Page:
With better monitors it is still worthwhile EQ-ing the monitors flat(er) and to better match the PA—if using the same desk for FOH and monitors.

And don't forget to point those monitors correctly! At ears, not chests. Suss where the reflective surfaces onstage are. Don't crowd monitors too closely, making them badly interact by combing and lobing ... nasty, especially with moving talent.

--------------------
Next on with Pembrokeshire Intimate Gigs


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Sam Spoons
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Re: Stopping feedback from the monitors - how??? new [Re: Ronnie Wibbley]
      #1020937 - 26/11/12 07:14 PM
Arondite, first go and read this thread from the beginning. You'll probably find this site usefull too http://www.astralsound.com/basics.htm he speaks a lot of sense.

In the live music world 'monitor' and 'foldback' are used to describe the same thing, but 'monitor' also means studio control room speakers which may be leading to confusion (your 'monitor' send may be a separately controlled mix output intended for studio monitors which is no use for foldback). If your desk is like most you should be sending to your monitor/foldback speakers from a pre-fade 'aux' send.

Let us know what your system is, desk, mics, FOH amps/speakers and foldback (monitor) amps/speakers. I assume you are not milking drums, guitar amps etc but tell us what backline is in use.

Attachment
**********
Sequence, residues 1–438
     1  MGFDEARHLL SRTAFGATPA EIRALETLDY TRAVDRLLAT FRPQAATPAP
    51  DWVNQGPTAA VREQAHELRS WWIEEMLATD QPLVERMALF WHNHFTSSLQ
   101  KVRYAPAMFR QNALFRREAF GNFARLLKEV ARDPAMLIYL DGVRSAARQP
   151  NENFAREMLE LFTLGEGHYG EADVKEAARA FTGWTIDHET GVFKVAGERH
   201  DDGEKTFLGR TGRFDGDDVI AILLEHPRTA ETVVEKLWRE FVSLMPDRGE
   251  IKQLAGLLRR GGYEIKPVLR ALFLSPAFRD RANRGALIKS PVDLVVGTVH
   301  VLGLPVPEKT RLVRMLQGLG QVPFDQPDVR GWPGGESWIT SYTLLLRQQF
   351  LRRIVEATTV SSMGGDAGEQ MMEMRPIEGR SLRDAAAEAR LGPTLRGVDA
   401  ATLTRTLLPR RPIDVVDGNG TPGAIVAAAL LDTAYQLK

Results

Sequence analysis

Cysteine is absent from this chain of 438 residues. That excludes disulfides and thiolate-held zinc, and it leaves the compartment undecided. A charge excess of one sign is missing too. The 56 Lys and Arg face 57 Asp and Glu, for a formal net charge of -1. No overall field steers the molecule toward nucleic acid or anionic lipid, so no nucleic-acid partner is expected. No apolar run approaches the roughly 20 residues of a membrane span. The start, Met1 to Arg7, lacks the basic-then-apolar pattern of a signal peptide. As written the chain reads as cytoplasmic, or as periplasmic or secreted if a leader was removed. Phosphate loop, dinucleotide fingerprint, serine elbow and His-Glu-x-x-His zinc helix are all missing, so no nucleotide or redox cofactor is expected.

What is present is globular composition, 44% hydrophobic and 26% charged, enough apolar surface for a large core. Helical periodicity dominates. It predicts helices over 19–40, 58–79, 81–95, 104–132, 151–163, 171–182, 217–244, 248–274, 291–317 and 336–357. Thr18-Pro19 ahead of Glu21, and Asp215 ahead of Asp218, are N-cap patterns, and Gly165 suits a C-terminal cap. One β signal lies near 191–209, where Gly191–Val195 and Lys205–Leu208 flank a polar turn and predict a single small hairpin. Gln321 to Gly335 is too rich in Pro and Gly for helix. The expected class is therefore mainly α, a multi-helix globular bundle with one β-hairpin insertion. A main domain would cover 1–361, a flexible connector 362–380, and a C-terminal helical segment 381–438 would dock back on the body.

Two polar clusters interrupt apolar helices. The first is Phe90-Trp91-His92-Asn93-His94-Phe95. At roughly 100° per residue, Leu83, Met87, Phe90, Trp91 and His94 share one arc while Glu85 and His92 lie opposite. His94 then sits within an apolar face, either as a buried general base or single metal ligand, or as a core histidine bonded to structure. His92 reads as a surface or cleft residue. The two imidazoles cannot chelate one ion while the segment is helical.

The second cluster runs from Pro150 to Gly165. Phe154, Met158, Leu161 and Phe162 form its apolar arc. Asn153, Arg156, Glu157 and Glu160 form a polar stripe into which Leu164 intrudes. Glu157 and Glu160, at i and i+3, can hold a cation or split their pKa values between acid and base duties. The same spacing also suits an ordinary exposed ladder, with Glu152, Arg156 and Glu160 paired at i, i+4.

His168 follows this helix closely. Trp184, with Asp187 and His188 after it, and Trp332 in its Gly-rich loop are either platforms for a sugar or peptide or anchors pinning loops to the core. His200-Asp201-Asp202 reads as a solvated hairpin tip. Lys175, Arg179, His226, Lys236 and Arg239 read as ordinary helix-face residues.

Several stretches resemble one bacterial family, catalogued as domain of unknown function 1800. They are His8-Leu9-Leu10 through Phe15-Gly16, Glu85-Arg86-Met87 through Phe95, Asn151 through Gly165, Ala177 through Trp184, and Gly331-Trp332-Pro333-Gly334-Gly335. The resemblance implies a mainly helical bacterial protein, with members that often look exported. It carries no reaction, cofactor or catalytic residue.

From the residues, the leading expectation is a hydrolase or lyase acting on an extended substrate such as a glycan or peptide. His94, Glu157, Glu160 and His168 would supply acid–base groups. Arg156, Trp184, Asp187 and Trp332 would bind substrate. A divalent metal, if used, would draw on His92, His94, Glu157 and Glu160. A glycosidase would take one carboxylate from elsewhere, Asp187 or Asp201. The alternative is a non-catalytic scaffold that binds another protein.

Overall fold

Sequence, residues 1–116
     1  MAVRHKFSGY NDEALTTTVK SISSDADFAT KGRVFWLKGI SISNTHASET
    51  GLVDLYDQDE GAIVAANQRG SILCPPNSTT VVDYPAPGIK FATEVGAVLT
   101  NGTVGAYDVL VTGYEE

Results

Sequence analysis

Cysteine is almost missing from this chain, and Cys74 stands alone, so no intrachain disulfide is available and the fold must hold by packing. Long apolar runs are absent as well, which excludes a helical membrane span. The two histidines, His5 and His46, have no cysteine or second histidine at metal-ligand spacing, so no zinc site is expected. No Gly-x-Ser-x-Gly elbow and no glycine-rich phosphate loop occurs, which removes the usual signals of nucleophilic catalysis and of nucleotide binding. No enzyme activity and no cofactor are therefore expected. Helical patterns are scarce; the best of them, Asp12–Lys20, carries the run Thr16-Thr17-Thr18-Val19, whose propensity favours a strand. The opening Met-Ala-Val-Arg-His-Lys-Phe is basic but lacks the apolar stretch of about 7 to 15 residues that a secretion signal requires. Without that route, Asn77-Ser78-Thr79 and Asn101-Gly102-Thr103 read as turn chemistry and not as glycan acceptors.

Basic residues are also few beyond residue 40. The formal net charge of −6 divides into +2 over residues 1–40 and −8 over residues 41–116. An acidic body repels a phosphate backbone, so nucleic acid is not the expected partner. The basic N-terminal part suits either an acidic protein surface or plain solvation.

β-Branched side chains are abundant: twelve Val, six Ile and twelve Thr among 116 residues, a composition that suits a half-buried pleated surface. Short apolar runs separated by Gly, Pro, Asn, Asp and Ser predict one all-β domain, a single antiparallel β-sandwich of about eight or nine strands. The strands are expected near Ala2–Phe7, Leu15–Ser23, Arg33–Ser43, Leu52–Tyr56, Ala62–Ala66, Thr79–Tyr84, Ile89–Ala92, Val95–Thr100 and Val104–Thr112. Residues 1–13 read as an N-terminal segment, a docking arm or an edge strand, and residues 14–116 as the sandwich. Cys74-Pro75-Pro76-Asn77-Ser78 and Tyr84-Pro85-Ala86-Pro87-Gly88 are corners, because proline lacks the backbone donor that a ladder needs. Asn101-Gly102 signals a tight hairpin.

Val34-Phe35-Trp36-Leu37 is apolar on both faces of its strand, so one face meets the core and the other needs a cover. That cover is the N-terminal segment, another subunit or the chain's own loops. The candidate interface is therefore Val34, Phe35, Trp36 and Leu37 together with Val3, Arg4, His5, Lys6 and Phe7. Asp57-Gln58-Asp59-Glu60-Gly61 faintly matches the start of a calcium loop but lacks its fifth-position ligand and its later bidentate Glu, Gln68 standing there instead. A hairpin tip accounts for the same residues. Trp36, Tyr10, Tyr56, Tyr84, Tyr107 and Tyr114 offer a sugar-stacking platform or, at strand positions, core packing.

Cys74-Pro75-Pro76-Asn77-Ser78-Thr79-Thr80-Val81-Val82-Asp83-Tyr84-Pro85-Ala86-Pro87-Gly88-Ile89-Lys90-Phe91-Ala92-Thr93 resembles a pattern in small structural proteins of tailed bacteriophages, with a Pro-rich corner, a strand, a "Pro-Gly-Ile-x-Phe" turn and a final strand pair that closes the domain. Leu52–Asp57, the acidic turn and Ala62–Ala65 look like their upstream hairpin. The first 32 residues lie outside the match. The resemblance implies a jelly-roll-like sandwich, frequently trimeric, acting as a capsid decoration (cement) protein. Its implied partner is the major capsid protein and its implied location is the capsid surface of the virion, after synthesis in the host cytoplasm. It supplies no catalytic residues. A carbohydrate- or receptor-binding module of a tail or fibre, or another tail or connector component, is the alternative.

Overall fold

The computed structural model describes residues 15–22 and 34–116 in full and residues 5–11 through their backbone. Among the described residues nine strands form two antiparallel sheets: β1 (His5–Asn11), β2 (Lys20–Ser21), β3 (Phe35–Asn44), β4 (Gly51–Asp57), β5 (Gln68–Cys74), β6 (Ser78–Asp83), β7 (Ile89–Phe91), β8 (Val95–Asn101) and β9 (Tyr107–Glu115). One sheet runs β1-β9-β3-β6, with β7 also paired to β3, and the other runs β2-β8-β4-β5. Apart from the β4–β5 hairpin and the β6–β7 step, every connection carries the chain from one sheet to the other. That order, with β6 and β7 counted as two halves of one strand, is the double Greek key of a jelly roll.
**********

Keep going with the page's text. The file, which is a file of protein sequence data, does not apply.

Finally (for now)..... 40 x 15 year olds playing and singing metal together, that sounds like an impossible task for a sound engineer


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zenguitarAdministrator
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Re: Stopping feedback from the monitors - how??? new [Re: Sam Spoons]
      #1020944 - 26/11/12 08:23 PM
Quote Sam Spoons:


Finally (for now)..... 40 x 15 year olds playing and singing metal together, that sounds like an impossible task for a sound engineer




Up there with 15 x 40 year olds jamming blues at an open mic night

Andy

--------------------
When the going gets weird, the Weird turn Pro.


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Sam Spoons
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Re: Stopping feedback from the monitors - how??? new [Re: zenguitar]
      #1020947 - 26/11/12 08:35 PM
Yup


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Guy Johnson



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Re: Stopping feedback from the monitors - how??? new [Re: Ronnie Wibbley]
      #1021031 - 27/11/12 11:44 AM
EEK!!!!

--------------------
Next on with Pembrokeshire Intimate Gigs


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Zan Man



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Re: Stopping feedback from the monitors - how??? new [Re: Ronnie Wibbley]
      #1021923 - 02/12/12 06:47 PM
Do you get a chance to soundcheck, or is it - as most pub bands - walk in, dump stuff into relative positions, plug in and play? Is it definately "monitor induced" feedback? Have you tried turning the front of house off, and have the band play with just their backline and what they would hear in their monitors? I have had the "low end howl" as you stated in the original post on more than one occasion and when the F.O.H. is muted it has dissapered. A quick play with a F.O.H. graphic can solve this, sometimes room acoustics will induce a howl from mics via F.O.H. then to monitors. What is the singer(s) mic technique? Can they get closer to the mic? This should give you more "juice", so you can back the gain off.